January also featured one of the industry’s best forums for education and networking, the Inside ETFs Conference, held in Hollywood, Florida. It was a terrific four-day event that featured some of the best and brightest exchange-traded -fund (ETF) sponsors and strategists in the industry sharing their insights with advisors from across the country. On a personal note, it provided a great opportunity to catch up with so many of you who stopped by the OppenheimerFunds exhibit space at the conference.
As we turned the calendar page to February, the Philadelphia Eagles became Super Bowl champions for the first time and the U.S. government shut down again (albeit only for about six hours). But for those of us in the financial services industry, the most significant development was the dramatic sell-off in the stock market that occurred in early February.
Volatility Takes Toll on Client Portfolios
Concerns about rising inflation and climbing U.S. Treasury yields, coupled with fears that the Federal Reserve would respond by increasing interest rates faster than anticipated, caused the Dow Jones Industrial Average to tumble, and ultimately register the largest single-day point decline in its history on February 5.
This single-day sell-off and the overall volatility that has reemerged have left many investors struggling to regain their sea legs. It also has many RIAs scrambling to respond to calls from frantic clients looking for ways to protect their assets from the impact of the twists, turns, sudden climbs, and steep drops that occur – often on the same trading day – in highly volatile markets.
Consider Adding Multi-Factor ETFs
One possible solution to offsetting some of this volatility is to consider incorporating multi-factor ETFs into client portfolios. Factor investing is quickly emerging as a favored approach to achieving specific outcomes within client portfolios and can help provide:
- Enhanced diversification and risk management,
- A rules-based, transparent investment process,
- Construction of a more dynamic core, and
- Favorable risk-adjusted, long-term returns.
We all know that, for some investors, the first sign of stock market turbulence triggers a race to safe-haven assets such as cash. Too often, they abandon their carefully constructed long-term strategies and join the stampede for the exits.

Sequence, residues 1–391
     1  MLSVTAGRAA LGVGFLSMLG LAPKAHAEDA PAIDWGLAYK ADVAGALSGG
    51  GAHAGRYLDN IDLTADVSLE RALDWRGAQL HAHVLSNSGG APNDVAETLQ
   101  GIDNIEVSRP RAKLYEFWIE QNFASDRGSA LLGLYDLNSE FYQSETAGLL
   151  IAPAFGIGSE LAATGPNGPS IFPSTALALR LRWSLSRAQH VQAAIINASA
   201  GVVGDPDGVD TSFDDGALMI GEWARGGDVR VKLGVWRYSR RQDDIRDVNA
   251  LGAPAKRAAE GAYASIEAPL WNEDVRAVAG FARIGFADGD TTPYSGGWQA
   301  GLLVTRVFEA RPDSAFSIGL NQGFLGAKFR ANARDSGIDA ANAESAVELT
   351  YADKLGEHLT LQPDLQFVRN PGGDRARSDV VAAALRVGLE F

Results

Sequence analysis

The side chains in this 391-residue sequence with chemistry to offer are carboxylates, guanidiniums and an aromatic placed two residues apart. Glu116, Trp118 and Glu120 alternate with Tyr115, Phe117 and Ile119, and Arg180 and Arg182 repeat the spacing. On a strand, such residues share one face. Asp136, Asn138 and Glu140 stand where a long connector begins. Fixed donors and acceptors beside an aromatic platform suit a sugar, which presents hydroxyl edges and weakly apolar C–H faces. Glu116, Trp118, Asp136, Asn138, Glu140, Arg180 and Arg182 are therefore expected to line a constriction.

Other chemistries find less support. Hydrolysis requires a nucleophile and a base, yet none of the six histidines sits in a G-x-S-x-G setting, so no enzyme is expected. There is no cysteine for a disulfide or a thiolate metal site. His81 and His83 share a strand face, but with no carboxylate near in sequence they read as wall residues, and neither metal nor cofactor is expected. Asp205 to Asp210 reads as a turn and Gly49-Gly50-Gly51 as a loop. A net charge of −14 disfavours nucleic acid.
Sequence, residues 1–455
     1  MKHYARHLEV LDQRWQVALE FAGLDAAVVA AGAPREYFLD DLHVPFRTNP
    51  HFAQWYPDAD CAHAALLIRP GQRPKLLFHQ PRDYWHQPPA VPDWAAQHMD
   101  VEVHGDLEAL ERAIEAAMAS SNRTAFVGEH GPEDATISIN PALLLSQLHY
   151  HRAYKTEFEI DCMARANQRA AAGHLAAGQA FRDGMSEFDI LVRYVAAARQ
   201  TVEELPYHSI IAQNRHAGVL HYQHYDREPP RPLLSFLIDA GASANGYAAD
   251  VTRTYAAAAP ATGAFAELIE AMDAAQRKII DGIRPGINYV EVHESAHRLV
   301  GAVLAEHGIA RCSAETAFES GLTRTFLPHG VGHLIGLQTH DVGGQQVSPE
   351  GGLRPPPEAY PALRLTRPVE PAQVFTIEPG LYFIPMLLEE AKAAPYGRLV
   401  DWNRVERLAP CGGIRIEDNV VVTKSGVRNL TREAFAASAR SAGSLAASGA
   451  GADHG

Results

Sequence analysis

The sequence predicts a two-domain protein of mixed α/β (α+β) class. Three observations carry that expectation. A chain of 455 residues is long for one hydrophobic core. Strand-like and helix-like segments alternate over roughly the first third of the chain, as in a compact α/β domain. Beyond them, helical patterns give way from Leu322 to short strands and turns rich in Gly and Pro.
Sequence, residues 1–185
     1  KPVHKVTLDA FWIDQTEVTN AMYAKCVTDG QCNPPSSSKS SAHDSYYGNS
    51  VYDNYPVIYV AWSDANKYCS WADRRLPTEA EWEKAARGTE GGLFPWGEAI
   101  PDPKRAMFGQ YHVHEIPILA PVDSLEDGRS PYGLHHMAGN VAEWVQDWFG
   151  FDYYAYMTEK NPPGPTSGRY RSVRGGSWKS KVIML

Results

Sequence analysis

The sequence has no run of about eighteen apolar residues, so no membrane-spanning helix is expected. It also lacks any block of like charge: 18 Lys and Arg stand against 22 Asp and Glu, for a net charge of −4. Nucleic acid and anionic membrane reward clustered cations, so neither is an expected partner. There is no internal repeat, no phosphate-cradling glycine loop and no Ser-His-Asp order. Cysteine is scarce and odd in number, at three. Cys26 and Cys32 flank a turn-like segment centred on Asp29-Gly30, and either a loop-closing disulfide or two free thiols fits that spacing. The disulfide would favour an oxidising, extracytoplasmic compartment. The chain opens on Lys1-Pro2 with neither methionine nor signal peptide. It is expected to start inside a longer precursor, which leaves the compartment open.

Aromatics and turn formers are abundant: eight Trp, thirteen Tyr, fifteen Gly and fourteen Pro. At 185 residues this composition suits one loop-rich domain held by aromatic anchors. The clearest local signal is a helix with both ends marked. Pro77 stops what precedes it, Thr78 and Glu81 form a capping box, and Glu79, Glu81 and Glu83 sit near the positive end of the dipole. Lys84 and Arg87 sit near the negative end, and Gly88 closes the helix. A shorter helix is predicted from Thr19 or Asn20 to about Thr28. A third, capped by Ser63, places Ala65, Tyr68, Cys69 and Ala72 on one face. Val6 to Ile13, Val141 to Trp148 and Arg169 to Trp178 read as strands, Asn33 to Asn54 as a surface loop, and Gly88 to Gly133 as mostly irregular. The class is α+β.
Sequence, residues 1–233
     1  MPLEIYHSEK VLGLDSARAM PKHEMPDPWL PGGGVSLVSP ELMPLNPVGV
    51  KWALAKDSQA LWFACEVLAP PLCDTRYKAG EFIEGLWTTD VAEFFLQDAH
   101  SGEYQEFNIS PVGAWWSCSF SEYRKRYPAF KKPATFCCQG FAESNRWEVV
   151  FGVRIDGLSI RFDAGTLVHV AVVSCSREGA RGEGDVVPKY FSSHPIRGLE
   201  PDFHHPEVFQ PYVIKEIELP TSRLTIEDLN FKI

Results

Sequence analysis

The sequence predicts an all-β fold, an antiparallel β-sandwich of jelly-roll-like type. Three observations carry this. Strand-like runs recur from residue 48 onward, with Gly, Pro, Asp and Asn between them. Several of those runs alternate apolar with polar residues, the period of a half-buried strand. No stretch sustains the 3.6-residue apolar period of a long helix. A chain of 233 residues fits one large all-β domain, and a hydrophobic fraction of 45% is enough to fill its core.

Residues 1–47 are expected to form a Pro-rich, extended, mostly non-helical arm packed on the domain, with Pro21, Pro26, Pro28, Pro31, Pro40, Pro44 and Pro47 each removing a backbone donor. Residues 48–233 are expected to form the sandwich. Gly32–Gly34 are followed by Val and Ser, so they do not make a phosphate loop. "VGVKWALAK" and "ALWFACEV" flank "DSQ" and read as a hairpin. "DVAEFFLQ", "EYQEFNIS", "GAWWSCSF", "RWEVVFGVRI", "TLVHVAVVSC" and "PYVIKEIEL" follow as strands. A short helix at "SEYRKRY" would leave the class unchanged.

However, for clients who want to remain invested in equities, increasing allocations to defensive factors such as quality, yield, and low volatility may offer a good option. These factors tend to outperform the market – and other factors – during periods when volatility is on the rise.
I recommend you take a look at this insightful analysis on how to position investors for volatility by using factors, which details how factors have performed historically during periods of heightened volatility.
To help you better position your clients’ portfolios for periods of volatility, OppenheimerFunds offers a comprehensive suite of factor ETFs, including single- and multi-factor strategies. Click here to learn more and to help educate clients about the factor investing opportunity. I also invite you to visit the OppenheimerFunds factor dashboard, which is updated monthly and provides our latest thinking on factor investing based on economic and market indicators.
In the meantime, as all good sailors – and advisors – know, keep your eyes locked on the horizon. Don’t let your clients lose sight of their long-term goals, and if a course correction is necessary, factor ETFs may provide the stabilizing force your clients’ portfolios need.
OppenheimerFunds is not undertaking to provide impartial investment advice or to provide advice in a fiduciary capacity.
Mutual funds and exchange traded funds are subject to market risk and volatility. Shares may gain or lose value. An investment in the Fund is subject to investment risk, including the possible loss of principal amount invested. The Fund, seeks to provide exposure to investments based on the following factors: value, momentum, quality, low volatility and size, and to weight such factors based on changes in the economic cycle. There can be no assurance that doing so will enhance the Fund’s performance over time. Investing significantly in a particular region, industry, sector or issuer may increase volatility and risk. Fund returns may not match the return of its respective index, known as non-correlation risk, due to operating expenses incurred by the Fund. Because the Fund has the potential to be rebalanced monthly, portfolio turnover may exceed 100%. The greater the portfolio turnover, the greater the transaction costs, which could have an adverse effect on Fund performance.
These views represent the opinions of OppenheimerFunds, Inc. and are not intended as investment advice or to predict or depict the performance of any investment. These views are as of the publication date, and are subject to change based on subsequent developments.